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Norwegian pianist Leif Ove Andsnes belongs to the postboomer generation of photogenic concert soloists favored by today’s increasingly image-conscious impresarios. While the fashion on the distaff side seems to be cute pubescent Asians with eerily phenomenal technique, the requisites for the privileged male circle include a square jaw, brawny build, and punky demeanor. Andsnes, however, is several cuts above the rest, many of whom, like his Scandinavian compatriot Olli Mustonen, may end up flashes in the pan. What the 26-year-old keyboardist has, besides dexterity and commanding technique, is probing intelligence and catholic taste–evident in the way he approaches the major solo pieces by the important though half-forgotten Danish composer Carl Nielsen (on a Virgin Classics CD). His playing gets to the root of Nielsen’s music, a rigorous blend of Bachian contrapuntal feeling and strong dramatic impulse, revealing emotional turbulence under a calm surface. Similarly his performances of Rachmaninoff’s Third Concerto–the “Rach 3” currently popular among those who’ve seen the Australian film Shine–avoid the formulaic. Unlike other young virtuosos quick to show off their conquest of the notoriously difficult work, Andsnes took the concerto public only after preparing for a year and a half and allowing his interpretation to mature. His performance of the concerto with the Chicago Symphony Orchestra a couple seasons ago (and his live recording with the Oslo Philharmonic Orchestra for Virgin Classics) delved deep into the music’s melancholy, rightly emphasizing its inner mysticism over its moments of ornate theatricality. A fan of historical recordings–another unusual trait for a musician so young–Andsnes admits to idolizing the protean Russian pianist Svyatoslav Richter, whom he calls a jack-of-all-styles. The program for his latest Orchestra Hall recital, in fact, follows the Richter model: a Beethoven sonata (in this case number 11), a work by an Austro-German romantic (Schumann’s Sonata no. 1), and early-20th-century exponents of a venerated folk-derived form (four of Karol Szymanowski’s mazurkas). Of course, the cause of a fellow Scandinavian must be championed–too bad it’s not Nielsen. But Grieg, who was a Norwegian of greater renown, is represented by a collection of his polished, folk-inspired pieces. Sunday, 3 PM, Orchestra Hall, 220 S. Michigan; 312-294-3000. TED SHEN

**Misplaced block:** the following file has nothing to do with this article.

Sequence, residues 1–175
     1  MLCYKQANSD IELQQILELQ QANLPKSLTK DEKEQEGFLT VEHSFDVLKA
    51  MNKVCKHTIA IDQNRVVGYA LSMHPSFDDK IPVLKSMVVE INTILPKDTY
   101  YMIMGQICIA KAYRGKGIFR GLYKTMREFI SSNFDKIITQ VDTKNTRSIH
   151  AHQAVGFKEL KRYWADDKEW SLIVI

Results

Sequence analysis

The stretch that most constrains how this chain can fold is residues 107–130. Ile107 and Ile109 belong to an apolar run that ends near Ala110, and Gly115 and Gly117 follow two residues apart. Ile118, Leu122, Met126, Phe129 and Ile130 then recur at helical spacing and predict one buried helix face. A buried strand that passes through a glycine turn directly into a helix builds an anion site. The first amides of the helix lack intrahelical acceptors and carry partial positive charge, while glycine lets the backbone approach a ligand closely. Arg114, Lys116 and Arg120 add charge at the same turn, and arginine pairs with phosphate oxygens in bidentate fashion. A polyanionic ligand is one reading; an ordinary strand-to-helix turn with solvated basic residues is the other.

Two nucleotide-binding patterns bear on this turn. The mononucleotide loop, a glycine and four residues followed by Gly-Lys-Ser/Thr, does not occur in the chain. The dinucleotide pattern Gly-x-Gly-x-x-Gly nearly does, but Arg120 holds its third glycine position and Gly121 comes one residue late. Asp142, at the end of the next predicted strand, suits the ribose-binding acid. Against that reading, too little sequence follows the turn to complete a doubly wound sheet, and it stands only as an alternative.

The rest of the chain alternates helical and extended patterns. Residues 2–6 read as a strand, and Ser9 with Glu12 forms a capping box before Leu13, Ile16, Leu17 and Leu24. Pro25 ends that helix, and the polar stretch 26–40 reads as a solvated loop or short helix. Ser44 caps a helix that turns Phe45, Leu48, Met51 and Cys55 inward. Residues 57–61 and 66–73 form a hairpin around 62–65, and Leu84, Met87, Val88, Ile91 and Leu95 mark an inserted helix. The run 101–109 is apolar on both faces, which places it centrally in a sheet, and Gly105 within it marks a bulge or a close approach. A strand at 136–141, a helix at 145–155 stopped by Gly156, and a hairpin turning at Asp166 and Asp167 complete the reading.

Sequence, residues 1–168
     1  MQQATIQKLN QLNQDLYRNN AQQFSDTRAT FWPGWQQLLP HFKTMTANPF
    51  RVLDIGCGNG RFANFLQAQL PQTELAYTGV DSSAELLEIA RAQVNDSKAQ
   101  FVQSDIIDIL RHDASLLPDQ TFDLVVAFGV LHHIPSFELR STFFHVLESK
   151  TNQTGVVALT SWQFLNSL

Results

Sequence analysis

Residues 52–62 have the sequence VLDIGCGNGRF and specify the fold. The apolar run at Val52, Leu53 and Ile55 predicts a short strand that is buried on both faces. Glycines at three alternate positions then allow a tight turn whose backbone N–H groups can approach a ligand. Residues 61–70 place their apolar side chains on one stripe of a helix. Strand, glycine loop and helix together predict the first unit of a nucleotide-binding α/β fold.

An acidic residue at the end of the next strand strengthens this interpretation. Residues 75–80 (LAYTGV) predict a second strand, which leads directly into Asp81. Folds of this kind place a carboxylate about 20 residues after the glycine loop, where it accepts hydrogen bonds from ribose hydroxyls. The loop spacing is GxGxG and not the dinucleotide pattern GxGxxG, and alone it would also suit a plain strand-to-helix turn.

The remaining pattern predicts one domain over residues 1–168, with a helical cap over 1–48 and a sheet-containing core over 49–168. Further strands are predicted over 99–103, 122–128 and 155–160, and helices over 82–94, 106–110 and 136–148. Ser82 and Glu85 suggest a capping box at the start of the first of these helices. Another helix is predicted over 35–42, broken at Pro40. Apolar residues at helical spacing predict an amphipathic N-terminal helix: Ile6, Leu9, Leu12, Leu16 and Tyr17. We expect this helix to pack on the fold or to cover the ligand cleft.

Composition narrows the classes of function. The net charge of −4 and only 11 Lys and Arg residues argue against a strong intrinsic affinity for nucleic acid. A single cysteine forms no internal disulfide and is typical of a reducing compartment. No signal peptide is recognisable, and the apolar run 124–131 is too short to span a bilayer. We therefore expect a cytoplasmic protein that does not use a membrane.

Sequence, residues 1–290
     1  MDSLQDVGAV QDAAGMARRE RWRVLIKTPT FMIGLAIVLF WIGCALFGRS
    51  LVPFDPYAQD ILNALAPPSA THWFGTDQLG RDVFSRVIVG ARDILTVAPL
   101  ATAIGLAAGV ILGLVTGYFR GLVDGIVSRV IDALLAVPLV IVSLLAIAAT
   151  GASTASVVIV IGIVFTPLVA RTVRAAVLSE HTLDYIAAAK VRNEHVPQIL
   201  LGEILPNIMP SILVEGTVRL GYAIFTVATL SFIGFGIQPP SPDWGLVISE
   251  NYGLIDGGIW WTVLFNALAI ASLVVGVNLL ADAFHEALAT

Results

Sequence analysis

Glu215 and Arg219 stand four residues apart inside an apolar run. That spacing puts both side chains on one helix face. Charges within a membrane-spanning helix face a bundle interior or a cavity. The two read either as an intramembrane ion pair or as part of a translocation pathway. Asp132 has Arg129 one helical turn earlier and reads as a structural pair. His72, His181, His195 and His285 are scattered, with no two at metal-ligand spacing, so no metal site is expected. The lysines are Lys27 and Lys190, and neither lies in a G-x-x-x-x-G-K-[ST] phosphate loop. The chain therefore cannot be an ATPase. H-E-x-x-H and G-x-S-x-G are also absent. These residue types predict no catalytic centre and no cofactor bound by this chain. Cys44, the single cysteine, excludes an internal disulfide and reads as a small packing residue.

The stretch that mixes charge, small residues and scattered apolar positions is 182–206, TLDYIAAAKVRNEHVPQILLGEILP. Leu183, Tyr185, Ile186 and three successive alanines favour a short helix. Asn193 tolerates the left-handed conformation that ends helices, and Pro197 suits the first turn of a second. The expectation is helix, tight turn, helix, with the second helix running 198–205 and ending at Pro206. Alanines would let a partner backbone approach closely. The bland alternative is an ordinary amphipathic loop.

Art accompanying story in printed newspaper (not available in this archive): photo by Trevor Leighton.